- 1 Proofreading Greek
- 1.1 Use Transliteration only if directed to do so in the Project Comments
- 1.2 The Greek Transliteration Tool
- 1.3 Alternative Transliteration/Transcription Tool
- 1.4 The Greek Alphabet
- 1.5 Diacritical Marks
- 1.6 Punctuation
- 1.7 Common errors
- 1.8 Tips
- 1.9 Older and Obscure Items
- 1.10 Helpful Links
- 2 Formatting Greek
Use Transliteration only if directed to do so in the Project Comments
Distributed Proofreaders now supports Unicode UTF-8 encoding. This allows our projects to use Greek characters without transliteration. Please do not use transliteration unless directed to do so by the Project Manager in the Project Comments.
However, if the Project Comments do not specify that you use transliteration, and you encounter Greek text, please check whether the Project Manager has enabled a Greek character suite that you can use from the Character Picker. If the Character Picker has no Greek characters, please enquire in the project forum regarding what the Project Manager wishes you to do.
If the Project Manager has enabled the Greek character set for the project and does not wish you to use transliteration, you may use the Character Picker to enter the Greek characters. You may also enter Greek characters from your keyboard. To see how to do this, please read the Typing Greek wiki page.
The Greek Transliteration Tool
If you come across Greek text when proofreading, you should attempt a transliteration if the Project Manager has directed you to do so in the Project Comments. Transliteration involves converting each character of the foreign text into the equivalent Latin-1 letter(s) to produce something which when read in English approximates how the foreign text would be pronounced. A Greek transliteration tool is provided in the proofing interface to make this task much easier.
Press the "Greek Transliterator" button near the bottom of the proofreading interface to pop up the tool. In the tool, click on the Greek characters that match the word or phrase you are transliterating, and the appropriate Latin characters will appear in the text box. When you are done, simply cut and paste this transliterated text into the page you are proofreading. Surround the transliterated text with the Greek markers, e.g. Ἀχιλλεύς as [Greek: Achilleus].
If the transliteration tool does not appear when you click on the button, your computer may be blocking pop-ups. Make sure that your software allows pop-ups from the DP website. Alternatively, refer to the table below to identify and transliterate the letters. If clicking on one of the Greek characters produces a question mark "?" in the transliteration tool, make sure that your browser encoding is set to Western European (ISO-8859-1) and not Unicode (UTF-8). This may be under your browser's "View" menu.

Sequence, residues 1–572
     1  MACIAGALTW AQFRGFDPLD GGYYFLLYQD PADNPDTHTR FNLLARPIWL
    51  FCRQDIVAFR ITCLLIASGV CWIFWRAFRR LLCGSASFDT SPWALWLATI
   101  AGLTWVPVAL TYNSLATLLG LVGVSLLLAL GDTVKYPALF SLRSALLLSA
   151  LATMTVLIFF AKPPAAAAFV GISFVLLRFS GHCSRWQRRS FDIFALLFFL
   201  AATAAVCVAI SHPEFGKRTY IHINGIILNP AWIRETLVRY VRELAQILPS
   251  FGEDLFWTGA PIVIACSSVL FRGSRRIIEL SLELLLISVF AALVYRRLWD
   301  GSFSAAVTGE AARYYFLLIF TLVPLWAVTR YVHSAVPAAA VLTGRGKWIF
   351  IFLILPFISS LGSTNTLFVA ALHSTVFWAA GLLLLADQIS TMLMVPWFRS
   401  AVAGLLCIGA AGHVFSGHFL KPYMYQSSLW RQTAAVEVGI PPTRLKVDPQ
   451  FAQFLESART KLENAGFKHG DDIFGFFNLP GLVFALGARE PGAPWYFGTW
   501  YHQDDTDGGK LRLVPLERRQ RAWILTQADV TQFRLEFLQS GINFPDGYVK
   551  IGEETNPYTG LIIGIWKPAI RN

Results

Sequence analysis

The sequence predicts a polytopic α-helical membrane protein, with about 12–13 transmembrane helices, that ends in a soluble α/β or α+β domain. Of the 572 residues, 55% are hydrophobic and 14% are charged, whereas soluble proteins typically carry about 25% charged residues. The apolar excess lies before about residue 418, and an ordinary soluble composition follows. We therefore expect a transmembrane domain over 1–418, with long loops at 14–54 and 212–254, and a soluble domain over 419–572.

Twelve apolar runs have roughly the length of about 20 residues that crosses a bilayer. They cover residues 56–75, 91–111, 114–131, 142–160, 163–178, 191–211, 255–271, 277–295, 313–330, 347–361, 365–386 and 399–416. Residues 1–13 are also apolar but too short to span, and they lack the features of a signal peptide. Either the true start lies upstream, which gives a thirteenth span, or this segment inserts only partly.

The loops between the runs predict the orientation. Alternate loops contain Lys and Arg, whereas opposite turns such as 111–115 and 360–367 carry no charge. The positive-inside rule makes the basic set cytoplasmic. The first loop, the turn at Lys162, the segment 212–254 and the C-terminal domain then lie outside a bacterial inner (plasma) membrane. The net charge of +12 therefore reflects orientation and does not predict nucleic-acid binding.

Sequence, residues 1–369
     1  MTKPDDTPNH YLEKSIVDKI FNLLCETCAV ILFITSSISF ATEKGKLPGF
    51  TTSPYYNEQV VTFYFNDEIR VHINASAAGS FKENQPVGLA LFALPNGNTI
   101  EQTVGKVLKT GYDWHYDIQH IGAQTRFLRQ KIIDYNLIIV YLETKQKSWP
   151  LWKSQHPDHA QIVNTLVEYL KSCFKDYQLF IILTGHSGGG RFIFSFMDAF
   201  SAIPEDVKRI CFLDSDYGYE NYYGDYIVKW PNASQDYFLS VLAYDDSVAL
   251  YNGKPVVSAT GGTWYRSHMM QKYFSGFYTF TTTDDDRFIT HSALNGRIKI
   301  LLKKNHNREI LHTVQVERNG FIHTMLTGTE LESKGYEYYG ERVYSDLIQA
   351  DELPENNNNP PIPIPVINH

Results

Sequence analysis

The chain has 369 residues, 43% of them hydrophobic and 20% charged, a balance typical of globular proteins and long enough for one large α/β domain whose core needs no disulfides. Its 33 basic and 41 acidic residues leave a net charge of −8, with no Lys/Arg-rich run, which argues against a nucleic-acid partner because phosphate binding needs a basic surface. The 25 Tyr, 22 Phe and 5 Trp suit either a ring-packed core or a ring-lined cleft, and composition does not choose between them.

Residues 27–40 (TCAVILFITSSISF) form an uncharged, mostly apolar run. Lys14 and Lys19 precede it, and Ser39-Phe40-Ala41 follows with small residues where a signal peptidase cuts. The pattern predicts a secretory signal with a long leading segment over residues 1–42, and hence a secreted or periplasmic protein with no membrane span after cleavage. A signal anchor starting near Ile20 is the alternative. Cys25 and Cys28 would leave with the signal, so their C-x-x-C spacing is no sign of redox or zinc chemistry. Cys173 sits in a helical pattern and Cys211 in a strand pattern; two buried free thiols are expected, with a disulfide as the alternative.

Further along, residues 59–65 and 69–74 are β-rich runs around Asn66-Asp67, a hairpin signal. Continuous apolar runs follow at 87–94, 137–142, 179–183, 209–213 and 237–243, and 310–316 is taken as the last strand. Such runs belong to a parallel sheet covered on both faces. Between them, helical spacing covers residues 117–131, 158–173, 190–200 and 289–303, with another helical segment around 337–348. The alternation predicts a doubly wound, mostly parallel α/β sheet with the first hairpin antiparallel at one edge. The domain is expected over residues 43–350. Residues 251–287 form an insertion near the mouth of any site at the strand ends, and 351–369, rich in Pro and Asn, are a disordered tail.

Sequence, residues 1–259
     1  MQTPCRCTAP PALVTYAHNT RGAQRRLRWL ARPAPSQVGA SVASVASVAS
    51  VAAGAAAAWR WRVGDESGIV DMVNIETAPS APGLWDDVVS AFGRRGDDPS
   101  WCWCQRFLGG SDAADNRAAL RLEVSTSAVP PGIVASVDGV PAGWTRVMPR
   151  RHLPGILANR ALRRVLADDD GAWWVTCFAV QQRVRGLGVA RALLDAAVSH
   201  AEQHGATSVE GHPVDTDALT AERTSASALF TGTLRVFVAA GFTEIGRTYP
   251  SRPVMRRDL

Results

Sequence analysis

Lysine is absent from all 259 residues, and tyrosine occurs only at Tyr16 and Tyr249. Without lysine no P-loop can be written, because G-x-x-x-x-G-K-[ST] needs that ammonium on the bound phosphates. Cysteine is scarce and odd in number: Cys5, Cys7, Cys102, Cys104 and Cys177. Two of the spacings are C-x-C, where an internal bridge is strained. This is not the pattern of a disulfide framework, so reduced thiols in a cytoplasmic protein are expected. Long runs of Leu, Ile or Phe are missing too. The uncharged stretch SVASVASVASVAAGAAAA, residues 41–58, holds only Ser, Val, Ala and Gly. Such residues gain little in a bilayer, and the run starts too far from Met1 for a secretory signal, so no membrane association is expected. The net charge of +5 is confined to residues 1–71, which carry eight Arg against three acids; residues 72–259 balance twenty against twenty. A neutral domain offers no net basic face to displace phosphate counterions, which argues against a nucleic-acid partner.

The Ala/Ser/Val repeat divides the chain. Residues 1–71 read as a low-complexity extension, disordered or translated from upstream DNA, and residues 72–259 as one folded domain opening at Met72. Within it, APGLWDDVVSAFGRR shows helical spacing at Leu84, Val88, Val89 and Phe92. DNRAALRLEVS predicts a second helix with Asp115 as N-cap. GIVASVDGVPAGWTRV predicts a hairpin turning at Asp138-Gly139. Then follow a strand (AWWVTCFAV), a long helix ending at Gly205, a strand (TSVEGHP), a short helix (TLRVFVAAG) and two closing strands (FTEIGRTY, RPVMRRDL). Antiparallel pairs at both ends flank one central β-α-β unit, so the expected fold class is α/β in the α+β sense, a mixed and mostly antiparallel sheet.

Alternative Transliteration/Transcription Tool
This can be obtained at Greek 4 (with a launch tool at Greek 0). This gives both transliteration for use in the Proofing rounds and transcription for use in Post Processing. For convenience, both pages are entirely safe and may be downloaded to your own computer. It is designed to force the user to get the diacritics correct: please check the image carefully to make sure that you have got the correct diacritic selections. (Use sufficient image zoom to make the diacritics clearly legible.) Operating instructions (if needed) from Tony Browne or at Transcribing Greek.
The Greek Alphabet
These are the usual forms of the Greek letters.
The last column shows the letters inline with alpha. The position of a letter is just as important as its shape. In English, you would never confuse "l" (ell) with "j" (jay), no matter how flyspecky or damaged they are, because one goes up and the other one goes down. And you can tell apart capital/lower-case pairs like Oo and Ss by their size. It is the same with Greek.
The form σ is used only non-finally (beginning or middle of a word). The form ς is used only at the end of a word. If you come across the latter form at the beginning or in the middle of a word, refer to the double letters section below.
Letters with Multiple Transliterations
The two letters γ (gamma) and υ (upsilon) may be transliterated different ways, depending on the context.
The letter γ (gamma) is usually transliterated as g, but n is used instead when it occurs before certain letters:
Greek Transliteration γγ ng γκ nk γξ nx γχ nch
The letter υ (upsilon) can be transliterated as either u or y. Generally, if upsilon follows another vowel, use "u". Otherwise, use "y". (For those who can recognise diphthongs: use "u" in diphthongs, "y" elsewhere.) This isn't required, though; you can use u everywhere if you want, but check with the Project Manager to make sure it's done consistently throughout the project.
Notice how many of the capital letters look just like the equivalent Roman letter:
A, B, E, Z, I, K, L, M, N, O, T, Y.